Here’s how four Swedish cultural institutions that receive over 1 million visitors, re-imagined storytelling to create positive social impact
How can cultural organisations encourage reflection, education and even behaviour change without budgets for blockbuster campaigns? Four museums participated in the 2015 edition of the Swedish Digital Identity Programme to answer this question. Between them, they receive over 1 million visitors a year.
Let’s take a long-term view, what does your organisation really want from digital?
It’s tempting to define success by the number of re-tweets, views, likes and shares your content receives. Whilst it is possible to get impressive results in the short-term, you’re competing for attention in a fragmented space. Before you know it, you’ll be on half-a-dozen channels and this will consume a serious chunk from your marketing budget and staff capacity.
Creating participation on social media requires greater commitment from the organisation and the outcome can remain nebulous for quite some time.
The end-goal of the Digital Identity programme was audience participation. This requires greater commitment from the organisation and the outcome can remain nebulous for some time. After all, what does participation really look like? Is this a sustainable operating model? These were some of the questions each organisation set out to answer for themselves.
Why do we need to re-invent the wheel, yet again?
Organisations tend to look for good practice within their own sectors even though no two are alike. As a result, they can define unattainable goals or they are put off by innovation entirely, as it feels like starting from scratch. But on social media, someone, somewhere has probably done what you want to achieve. This is why discovery is an important part of every project. Most of us don’t do enough of it.
The first phase of the Digital Identity programme was dedicated to discovery within the organisation and outside. Participants used this time to develop a project idea that had the support of a cross-departmental team. We also looked for inspiration from other sectors and explored how we could re-purpose their participatory and engagement models. This includes young LGBT Youtubers like Hartbeat/Queried who are unafraid to address topical issues; campaigns like Kodaikanal Won’t, which successfully newshacked the risqué Nicki Minaj track Anaconda to start a global campaign for environmental justice; and the Rice Bucket Challenge, a South Asian iteration of the successful Ice Bucket Challenge.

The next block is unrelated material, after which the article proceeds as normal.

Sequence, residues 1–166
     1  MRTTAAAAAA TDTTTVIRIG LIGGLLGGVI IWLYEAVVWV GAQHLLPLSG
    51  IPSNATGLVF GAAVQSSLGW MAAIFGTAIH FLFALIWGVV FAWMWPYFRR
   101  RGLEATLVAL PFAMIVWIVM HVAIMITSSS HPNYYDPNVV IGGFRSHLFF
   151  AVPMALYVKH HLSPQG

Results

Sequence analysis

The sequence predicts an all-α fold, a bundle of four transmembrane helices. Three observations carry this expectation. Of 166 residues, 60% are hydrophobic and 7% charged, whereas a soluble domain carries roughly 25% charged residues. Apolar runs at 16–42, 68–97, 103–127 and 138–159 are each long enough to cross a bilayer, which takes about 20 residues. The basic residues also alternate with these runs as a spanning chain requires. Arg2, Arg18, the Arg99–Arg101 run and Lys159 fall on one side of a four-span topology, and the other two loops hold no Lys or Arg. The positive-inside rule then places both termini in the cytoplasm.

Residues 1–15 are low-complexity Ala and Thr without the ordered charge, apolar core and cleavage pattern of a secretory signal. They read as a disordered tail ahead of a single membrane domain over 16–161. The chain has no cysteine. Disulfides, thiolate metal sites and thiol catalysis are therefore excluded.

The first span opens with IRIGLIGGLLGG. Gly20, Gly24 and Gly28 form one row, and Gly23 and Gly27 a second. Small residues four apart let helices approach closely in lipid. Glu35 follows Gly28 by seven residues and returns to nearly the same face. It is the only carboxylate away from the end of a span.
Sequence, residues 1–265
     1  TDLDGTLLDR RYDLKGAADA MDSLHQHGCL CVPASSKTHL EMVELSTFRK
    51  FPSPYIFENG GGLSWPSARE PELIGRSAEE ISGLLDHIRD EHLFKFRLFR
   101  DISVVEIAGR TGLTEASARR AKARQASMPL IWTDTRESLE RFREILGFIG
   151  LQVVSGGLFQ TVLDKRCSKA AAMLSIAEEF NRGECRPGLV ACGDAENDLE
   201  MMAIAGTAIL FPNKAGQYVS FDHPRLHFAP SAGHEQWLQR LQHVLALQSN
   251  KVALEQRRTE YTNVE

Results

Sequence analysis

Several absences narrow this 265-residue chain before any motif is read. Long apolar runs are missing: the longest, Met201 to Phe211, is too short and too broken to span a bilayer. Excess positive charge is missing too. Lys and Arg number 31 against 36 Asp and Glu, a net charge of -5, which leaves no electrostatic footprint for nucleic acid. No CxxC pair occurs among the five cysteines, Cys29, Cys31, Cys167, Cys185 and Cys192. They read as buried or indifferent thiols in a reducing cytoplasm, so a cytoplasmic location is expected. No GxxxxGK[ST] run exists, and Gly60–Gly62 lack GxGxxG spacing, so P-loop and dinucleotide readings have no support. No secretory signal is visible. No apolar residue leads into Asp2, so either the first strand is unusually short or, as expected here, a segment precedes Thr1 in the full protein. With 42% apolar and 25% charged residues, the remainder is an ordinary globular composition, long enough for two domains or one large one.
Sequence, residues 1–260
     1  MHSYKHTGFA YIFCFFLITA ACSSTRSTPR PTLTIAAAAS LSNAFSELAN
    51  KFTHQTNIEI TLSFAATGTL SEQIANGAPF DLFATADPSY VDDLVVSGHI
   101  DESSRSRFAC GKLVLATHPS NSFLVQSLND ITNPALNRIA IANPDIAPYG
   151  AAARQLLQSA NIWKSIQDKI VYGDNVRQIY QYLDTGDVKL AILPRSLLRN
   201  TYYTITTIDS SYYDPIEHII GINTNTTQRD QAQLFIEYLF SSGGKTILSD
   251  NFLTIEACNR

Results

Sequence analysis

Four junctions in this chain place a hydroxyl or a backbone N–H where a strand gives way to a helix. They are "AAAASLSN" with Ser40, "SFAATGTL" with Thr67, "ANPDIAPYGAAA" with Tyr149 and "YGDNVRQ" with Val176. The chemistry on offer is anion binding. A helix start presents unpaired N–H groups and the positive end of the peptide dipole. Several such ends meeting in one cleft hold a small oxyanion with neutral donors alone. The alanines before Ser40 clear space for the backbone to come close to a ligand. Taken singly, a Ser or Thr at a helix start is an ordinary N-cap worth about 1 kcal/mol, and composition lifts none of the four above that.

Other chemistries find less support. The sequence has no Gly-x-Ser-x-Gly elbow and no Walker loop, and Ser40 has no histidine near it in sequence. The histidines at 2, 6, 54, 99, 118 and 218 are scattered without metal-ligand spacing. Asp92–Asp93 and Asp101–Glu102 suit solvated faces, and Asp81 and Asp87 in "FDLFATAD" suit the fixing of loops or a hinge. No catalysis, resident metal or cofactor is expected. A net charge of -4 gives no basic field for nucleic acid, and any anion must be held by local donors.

Once you have the idea in place, it’s important to give staff the time to develop a digital mindset, especially when working with a cross-departmental team. We had a period of unstructured activity during which every member from each participating organisation was encouraged to learn new operational skills as well as understand how they can benefit personally by contributing to the team’s social media activities. Participants also used this time to understand that working socially won’t dilute the quality of their own work.
The benefits of this approach are evident in the #rättvishistoria campaign that was run by Historiska museet. The objective of this campaign was to create equal representation of women in Swedish history. Every member of this team can be seen on the home page of the campaign website. This shared ownership also created permission to try new ideas out. Outside the organisation, it presented the audience with a choice of narratives through which they could explore and relate to the project.
What is the smallest possible step you can take to make your ‘big idea’ public?
Let’s assume you have secured the enthusiasm and support of a cross-departmental project team. You may also have a great idea in place. What’s the smallest possible step you can to take to put this idea into action? It’s common for organisations to develop a beast of an idea internally. But the problem is, when you offer your busy and distracted audience this fully formed idea, you’re effectively creating a binary choice. They can either choose to participate or not. What do you do if they don’t engage?
In order to manage this risk, each organisation participating in the Digital Identity programme was asked to define the smallest possible step through which they could make their ideas public. The team from Historiska museet decided they would work with their community on social media to identify the women who should be included in Swedish history. So their first step was to run a half-day crowdsourcing activity.